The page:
Moscow shows bullish determination, draining western-supplied air defences and talking of Kyiv’s total capitulation
Scenes of devastation have greeted Ukrainians in the first days of 2024, as Russia launches some of its heaviest missile and drone barrages since the start of the war.
The strikes, which began on 29 December and have killed dozens of civilians, offer an early and grim taste of what may lie ahead, as Moscow signals it has the capacity for a long and brutal war in Ukraine.
“Put simply, Russia has now transitioned its economy on to a war footing,” said Justin Bronk, a senior research fellow at the Royal United Services Institute.
While western intelligence officials once predicted that the Russian military would soon exhaust its combat capabilities and be forced to bring its offensive to a grinding halt, Moscow has managed to mobilise its industrial base, producing significantly more than before the war.
It has doubled its defence budget to support the war and regenerate some of its lost combat power. Its production of long-range missiles used on Ukrainians is now more than 100 a month, up from about 40, Bronk said.
The scale of the attack in the last days, which Putin has vowed to only increase, confirms what many in Ukraine have dreaded for months – that Moscow has been preserving its missile stocks for intense strikes in the winter
The end goal of the barrage, observers say, appears to be to force Ukraine to exhaust its valuable western Patriot and Nasams air defence missiles at a time when the US and EU have halted their military aid, leading to a scenario where Ukraine could find itself without air protection.
Moscow has also ramped up its production of artillery munitions, an increase which is supplemented by North Korea, which is believed to have sent more than 1m rounds to Russia via 10 shipments since August.
Artillery has been seen as crucial for Ukraine and Russia, with some analysts calling it the “king of battle” despite a focus on newer, hi-tech weapons.
“Russia has a three-to-one artillery advantage on the frontlines, if not more,” said Michael Kofman, a prominent analyst on the war, in a recent podcast for the War on the Rocks platform.
In the same podcast, Andriy Zagorodnyuk, a former Ukrainian defence minister, described the situation for Kyiv’s frontline troops as “extremely tough … pretty much across the whole line.
“We are not in an optimistic, relaxed mode. But there is no despair,” he added.
Despite a failed summer counteroffensive during a year in which Ukraine liberated 153 sq miles (395 sq km) but lost 264 sq miles, the country’s president, Volodymyr Zelenskiy, has been eager to focus on the positives.
In an interview with the Economist on Tuesday, he praised his armed forces for breaking through Russia’s blockade of the Black Sea in 2023, with the country now shipping millions of tonnes of grain using a new route that hugs Ukraine’s southern coast.
In the process, Kyiv has destroyed 20% of Russia’s Black Sea fleet, according to the UK defence ministry, most recently sinking the Novocherkassk landing ship.
Zelenskiy suggested in his interview that Kyiv was likely to continue its series of deep strikes on occupied Crimea, with the intention of isolating the peninsula that Russia annexed in 2014.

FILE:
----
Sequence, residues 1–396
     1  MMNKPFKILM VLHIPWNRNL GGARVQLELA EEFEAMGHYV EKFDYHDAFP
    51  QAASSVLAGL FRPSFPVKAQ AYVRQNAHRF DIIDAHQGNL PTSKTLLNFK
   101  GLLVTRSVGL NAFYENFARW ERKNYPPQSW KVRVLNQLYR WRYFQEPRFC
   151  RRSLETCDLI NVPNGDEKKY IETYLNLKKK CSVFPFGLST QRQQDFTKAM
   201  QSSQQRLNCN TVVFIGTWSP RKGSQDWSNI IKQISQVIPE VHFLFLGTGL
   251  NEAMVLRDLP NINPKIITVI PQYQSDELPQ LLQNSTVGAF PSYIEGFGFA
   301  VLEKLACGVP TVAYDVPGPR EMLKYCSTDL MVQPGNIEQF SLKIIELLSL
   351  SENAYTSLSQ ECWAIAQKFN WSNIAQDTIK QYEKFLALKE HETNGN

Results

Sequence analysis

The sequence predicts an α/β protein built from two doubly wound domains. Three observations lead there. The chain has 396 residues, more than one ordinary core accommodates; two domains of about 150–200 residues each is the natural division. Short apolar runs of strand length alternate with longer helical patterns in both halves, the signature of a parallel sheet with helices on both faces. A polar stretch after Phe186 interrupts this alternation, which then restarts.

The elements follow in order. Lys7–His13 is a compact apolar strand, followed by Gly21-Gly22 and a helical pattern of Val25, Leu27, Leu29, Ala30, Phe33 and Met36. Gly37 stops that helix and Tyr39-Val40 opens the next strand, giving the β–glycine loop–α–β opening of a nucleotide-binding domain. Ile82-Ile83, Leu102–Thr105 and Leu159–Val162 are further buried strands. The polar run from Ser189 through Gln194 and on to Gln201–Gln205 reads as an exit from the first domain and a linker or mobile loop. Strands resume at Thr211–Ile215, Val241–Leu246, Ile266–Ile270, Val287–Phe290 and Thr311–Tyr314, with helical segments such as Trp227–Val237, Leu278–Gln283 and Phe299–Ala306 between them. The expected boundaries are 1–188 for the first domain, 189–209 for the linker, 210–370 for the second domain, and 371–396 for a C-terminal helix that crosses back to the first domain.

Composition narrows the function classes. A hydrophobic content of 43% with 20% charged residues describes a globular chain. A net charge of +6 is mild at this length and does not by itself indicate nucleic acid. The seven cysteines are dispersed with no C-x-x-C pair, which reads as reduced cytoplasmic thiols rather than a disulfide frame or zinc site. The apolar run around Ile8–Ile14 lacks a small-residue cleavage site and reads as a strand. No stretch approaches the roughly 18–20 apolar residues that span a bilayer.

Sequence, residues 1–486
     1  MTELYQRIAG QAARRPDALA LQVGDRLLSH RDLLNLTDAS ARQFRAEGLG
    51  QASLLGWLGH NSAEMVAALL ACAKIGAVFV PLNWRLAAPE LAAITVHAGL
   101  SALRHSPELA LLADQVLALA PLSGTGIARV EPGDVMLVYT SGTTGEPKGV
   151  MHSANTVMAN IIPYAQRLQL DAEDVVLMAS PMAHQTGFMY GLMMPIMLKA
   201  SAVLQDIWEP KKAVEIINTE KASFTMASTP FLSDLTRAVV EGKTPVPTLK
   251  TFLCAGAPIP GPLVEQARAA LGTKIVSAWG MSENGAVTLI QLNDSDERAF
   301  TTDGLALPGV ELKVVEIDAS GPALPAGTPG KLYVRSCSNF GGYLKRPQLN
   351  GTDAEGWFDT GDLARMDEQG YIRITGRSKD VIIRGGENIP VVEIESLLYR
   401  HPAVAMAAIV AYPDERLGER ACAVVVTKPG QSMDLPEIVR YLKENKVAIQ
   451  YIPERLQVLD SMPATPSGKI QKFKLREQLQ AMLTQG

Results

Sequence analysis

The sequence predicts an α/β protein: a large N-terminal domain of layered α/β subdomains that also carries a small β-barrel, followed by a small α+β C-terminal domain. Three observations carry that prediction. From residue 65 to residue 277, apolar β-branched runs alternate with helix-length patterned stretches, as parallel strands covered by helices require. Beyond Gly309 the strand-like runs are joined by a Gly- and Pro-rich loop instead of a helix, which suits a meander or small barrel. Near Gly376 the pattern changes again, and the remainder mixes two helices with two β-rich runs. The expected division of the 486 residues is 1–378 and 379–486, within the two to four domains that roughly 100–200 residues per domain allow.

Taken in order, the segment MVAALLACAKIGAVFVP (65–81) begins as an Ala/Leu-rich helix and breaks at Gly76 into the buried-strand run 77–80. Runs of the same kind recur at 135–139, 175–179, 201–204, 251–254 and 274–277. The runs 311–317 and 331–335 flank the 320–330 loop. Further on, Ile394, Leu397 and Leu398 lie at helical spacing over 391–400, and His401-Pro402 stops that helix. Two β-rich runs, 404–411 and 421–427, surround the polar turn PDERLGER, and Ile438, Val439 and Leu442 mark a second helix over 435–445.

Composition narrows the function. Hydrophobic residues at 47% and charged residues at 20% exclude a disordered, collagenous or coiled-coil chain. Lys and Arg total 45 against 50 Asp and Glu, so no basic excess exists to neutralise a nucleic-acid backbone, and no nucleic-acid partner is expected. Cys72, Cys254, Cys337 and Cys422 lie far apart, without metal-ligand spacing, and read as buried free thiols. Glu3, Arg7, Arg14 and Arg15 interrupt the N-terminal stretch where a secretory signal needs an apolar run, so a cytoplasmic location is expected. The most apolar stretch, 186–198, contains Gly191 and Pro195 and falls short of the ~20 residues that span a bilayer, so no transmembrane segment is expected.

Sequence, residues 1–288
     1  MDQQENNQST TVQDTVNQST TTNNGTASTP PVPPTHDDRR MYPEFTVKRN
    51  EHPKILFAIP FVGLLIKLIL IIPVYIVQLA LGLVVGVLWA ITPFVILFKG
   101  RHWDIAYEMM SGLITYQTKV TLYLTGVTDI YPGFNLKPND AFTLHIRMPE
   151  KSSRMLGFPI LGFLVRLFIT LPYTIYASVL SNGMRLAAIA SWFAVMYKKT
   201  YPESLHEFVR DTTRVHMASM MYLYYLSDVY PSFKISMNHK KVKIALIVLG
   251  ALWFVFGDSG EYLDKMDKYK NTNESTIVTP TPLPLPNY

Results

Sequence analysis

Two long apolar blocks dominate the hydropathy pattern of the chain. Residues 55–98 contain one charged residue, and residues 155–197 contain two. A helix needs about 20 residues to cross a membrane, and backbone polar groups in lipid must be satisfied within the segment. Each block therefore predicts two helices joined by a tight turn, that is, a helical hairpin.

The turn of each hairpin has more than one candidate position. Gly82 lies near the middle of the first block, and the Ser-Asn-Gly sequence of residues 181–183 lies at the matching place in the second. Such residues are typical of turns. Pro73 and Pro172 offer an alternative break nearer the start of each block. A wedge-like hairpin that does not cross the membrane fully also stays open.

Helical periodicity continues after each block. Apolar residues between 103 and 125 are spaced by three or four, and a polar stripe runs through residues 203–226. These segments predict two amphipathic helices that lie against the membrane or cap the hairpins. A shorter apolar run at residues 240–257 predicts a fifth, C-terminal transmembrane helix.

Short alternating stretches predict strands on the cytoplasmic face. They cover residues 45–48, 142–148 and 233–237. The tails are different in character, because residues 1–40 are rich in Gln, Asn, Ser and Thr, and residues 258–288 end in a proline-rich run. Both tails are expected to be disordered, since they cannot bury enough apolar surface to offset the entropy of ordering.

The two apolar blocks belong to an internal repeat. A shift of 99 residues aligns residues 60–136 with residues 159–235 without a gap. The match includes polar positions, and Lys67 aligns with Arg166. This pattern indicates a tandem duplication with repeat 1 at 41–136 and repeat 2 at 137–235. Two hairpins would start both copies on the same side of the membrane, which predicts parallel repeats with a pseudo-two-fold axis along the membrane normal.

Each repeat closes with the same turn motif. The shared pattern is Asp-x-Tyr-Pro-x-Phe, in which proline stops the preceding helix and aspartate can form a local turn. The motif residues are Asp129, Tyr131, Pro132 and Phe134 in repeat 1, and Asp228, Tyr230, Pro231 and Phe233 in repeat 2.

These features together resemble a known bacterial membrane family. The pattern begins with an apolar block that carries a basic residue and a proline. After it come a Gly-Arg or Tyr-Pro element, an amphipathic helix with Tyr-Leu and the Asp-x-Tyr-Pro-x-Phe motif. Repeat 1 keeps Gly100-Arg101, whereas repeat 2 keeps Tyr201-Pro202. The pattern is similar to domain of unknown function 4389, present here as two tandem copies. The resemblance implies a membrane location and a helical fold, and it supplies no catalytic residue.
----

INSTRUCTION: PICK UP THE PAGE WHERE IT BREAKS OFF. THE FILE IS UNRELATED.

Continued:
Ukraine was boosting its military production as well, Zelenskiy said, aiming to produce 1m drones next year. Kyiv has also begun to partner with western weapons manufacturers – including in the US, UK and Germany – to advance production and trade agreements that Zelenskiy said could “launch defence projects that will be significant for the security of entire Europe”.
And while Russian troops have taken the initiative on the frontlines, Moscow has failed to make any tangible breakthrough, with its forces believed to have suffered some of the country’s biggest casualty rates so far as a result of continued “heavy but inconclusive” fighting around the Donetsk oblast town of Avdiivka.
Still, in the short term, Ukraine will have to think defensively. “Ukraine needs to enact a prepared defence and begin digging in for the winter,” Kofman said.
Then there is the issue of troop mobilisation. Neither the Ukrainian president nor his top military staff appear to want to take responsibility for the unpopular decision to draft more fighters, with the topic becoming a bone of contention.
For now, as Russian bombs fall on Ukraine, the prospect of any peace negotiations appears unlikely.
Despite recent media reports having claimed that Putin was to open ceasefire talks, the Russian leader’s latest rhetoric is reminiscent of the most bullish period at the beginning of the war, when he demanded Ukraine’s unconditional surrender.
Russia’s foreign ministry falsely portrayed Ukraine as being overrun by far-right extremists on Monday, saying on social media that the country “must be completely denazified and demilitarised”, using terms that Russian officials use to imply Ukraine’s total capitulation.
As the Kremlin’s confidence grows, Russian strikes in the days and weeks ahead will test the morale of Ukraine, which has soured over the months as war exhaustion took hold.
But some say the attacks will only bring Ukrainians closer together and revive the sense of existential threat, which Zelenskiy said many Ukrainians have lost.
“Russia wants to scare Ukraine with missiles and keep all people in fear,” wrote the Ukrainian journalist Kristina Berdynskykh.
“But each such massive attack on Ukraine, on the contrary, unites people against Russia and puts all internal disputes on the back burner.”